Thursday, November 11, 2010

11/7/2010: Three Concerts -- Wayne Lovegrove; Jack Wright and Gust Burns Large Ensemble; St. Mark's Organ Recital

It’s been over a week and I’ve finally gotten some time to add a posting to this thing. Of course it’s about music…

Sunday evening I went to three concerts. Yes, that’s quite a few…

Wayne Lovegrove, at Little Red Bistro, Seattle WA

I’ve heard Wayne play before, of course; both at open mikes and with me in concert (Tim Noah’s Thumbnail Theater, Snohomish, WA, last month). This was a chance to hear him play his guitar a longer period of time.

The Little Red Bistro is a French/Italian/Spanish restaurant just north of Seattle’s downtown. I found it easily on Google Maps, but couldn’t get there as easily as it looked because several of the streets that looked drivable in the satellite view were blocked off for construction (and an annoying number were one way the wrong way or marked “no turns”). But I finally got there, and found that there was abundant street parking. The restaurant itself is a small space, suitable for intimate dining or for groups of four to ten or so (there was one group of eight there and several groups of two). Having already had dinner, I just sat at the bar, ordered a dessert from the friendly wait staff, and listened to Wayne play the guitar.

While I was there, he played five pieces. These are in his usual “new acoustic” style; though as I’ve written before, to label them as such misses the point of the music. He is one of those rare musicians who manages to do “background music” that is much more than just background – if one ignores it and treats it as wallpaper, then it is wallpaper; but if one pays attention, there’s enough to listen to that it really is foreground music. There are some interesting rhythms (including polyrhythms), beautiful melodies, intricate counterpoint (interlocking of parts, not “fugues” in the baroque sense), and always, those alternate tunings that create spacious sounds with open fourths and fifths. There are also little bits of dissonance snuck in; two of the pieces have slight blues tendencies and use the genre’s characteristic flat notes to create tension (only audible to the careful listener) which always resolves into those open sounds.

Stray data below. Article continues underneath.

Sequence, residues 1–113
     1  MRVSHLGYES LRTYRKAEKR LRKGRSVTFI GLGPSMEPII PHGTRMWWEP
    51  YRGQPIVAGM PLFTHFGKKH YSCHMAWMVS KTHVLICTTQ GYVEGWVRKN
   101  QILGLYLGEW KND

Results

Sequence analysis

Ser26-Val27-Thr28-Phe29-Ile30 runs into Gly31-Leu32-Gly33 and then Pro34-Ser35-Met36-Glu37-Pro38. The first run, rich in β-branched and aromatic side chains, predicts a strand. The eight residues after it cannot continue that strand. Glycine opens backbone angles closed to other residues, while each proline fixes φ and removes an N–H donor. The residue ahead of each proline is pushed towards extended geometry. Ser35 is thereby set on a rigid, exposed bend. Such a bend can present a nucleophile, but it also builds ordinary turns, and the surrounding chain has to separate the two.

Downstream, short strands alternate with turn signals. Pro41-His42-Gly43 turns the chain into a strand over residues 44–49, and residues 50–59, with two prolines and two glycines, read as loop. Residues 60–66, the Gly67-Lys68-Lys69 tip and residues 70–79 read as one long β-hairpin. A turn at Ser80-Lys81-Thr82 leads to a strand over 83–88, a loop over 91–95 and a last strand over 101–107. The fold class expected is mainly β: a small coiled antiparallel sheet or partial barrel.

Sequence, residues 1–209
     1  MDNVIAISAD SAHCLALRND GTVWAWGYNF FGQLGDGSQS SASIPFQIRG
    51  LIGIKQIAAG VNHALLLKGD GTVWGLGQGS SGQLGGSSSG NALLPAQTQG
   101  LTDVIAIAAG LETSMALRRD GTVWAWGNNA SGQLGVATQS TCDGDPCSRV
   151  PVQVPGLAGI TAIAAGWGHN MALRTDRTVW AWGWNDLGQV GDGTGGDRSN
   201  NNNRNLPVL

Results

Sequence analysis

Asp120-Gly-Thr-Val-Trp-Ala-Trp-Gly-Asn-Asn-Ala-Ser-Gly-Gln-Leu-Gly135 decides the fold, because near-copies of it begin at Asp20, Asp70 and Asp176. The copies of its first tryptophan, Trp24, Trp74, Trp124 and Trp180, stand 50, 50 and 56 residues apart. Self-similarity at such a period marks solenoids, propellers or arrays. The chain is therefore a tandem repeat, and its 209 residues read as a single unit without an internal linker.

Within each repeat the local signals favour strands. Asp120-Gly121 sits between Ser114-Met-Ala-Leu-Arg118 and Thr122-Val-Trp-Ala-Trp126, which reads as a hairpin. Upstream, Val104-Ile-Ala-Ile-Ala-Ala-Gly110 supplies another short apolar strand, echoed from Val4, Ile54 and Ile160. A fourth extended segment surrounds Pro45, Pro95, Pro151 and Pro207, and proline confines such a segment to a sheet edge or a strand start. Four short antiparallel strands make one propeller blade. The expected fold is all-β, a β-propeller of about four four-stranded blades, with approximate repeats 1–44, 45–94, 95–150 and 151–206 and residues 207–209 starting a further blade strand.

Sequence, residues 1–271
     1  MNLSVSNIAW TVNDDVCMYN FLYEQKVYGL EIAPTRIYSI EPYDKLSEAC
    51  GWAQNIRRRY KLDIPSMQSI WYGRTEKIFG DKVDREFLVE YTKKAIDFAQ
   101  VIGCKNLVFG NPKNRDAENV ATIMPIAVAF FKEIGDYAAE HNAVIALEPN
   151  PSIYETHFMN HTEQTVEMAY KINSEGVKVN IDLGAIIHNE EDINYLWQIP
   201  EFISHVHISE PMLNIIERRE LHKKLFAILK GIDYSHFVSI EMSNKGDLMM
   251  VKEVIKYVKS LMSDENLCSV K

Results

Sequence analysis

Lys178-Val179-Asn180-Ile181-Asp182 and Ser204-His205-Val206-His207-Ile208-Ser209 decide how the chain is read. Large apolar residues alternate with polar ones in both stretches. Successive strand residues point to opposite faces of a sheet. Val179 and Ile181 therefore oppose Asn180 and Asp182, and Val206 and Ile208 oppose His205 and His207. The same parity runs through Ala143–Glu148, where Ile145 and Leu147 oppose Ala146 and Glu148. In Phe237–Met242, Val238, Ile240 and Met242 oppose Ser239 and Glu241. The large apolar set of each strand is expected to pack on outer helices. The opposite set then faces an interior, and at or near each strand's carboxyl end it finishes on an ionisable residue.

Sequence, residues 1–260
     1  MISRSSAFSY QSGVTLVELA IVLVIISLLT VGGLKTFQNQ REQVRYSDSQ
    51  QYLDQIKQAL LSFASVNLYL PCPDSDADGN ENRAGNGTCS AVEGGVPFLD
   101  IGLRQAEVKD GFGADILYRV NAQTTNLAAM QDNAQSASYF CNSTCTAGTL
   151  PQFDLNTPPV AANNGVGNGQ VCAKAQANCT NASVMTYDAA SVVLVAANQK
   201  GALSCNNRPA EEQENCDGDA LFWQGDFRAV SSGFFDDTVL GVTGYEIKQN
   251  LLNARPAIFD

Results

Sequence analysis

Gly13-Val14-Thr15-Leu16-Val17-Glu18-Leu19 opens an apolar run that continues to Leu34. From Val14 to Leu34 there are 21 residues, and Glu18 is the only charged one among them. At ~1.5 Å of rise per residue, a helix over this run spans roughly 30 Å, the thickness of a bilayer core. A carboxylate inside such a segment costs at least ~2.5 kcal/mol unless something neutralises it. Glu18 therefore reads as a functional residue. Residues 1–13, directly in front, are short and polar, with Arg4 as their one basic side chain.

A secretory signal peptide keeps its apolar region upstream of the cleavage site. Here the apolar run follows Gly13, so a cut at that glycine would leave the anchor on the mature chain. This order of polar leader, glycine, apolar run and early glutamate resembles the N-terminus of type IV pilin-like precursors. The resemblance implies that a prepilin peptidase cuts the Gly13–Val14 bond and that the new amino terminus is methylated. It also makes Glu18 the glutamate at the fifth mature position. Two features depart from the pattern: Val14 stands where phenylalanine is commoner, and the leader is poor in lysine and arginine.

I listened for about forty minutes, then wandered back out to my car to go to the next concert.

Jack Wright and Gust Burns Large Ensemble, Poncho Theater at Cornish Institute, Seattle WA

Nothing could be more different from Wayne’s guitar styling than this. Presented as part of the Earshot Jazz Festival, this was four lengthy pieces of free improvisation.

“Free Improvisation” and “Large Ensemble” are terms that can be at odds with one another. I remember a “free improv” open mike (at Beanbenders Concert Series, Berkeley, CA) where, after several sets of two or three players, they let everyone who’d played all play together (including me). Mistake. There were about twelve players, mostly on electric guitars and saxes of various sizes, all playing as loudly and quickly as possible, and paying absolutely no attention to what anyone else was playing. It would have been fun for a minute or two – but nobody wanted to quit, and it kept going at full frenetic howling, snorting and screeching volume for twenty-five minutes. Finally I added even more volume by playing several crescendos on the suspended cymbals (at least to give some sense of one different sound in all that chaos) but it really didn’t help. The audience was long gone by the time any of the players (including me) thought to admit defeat and quit.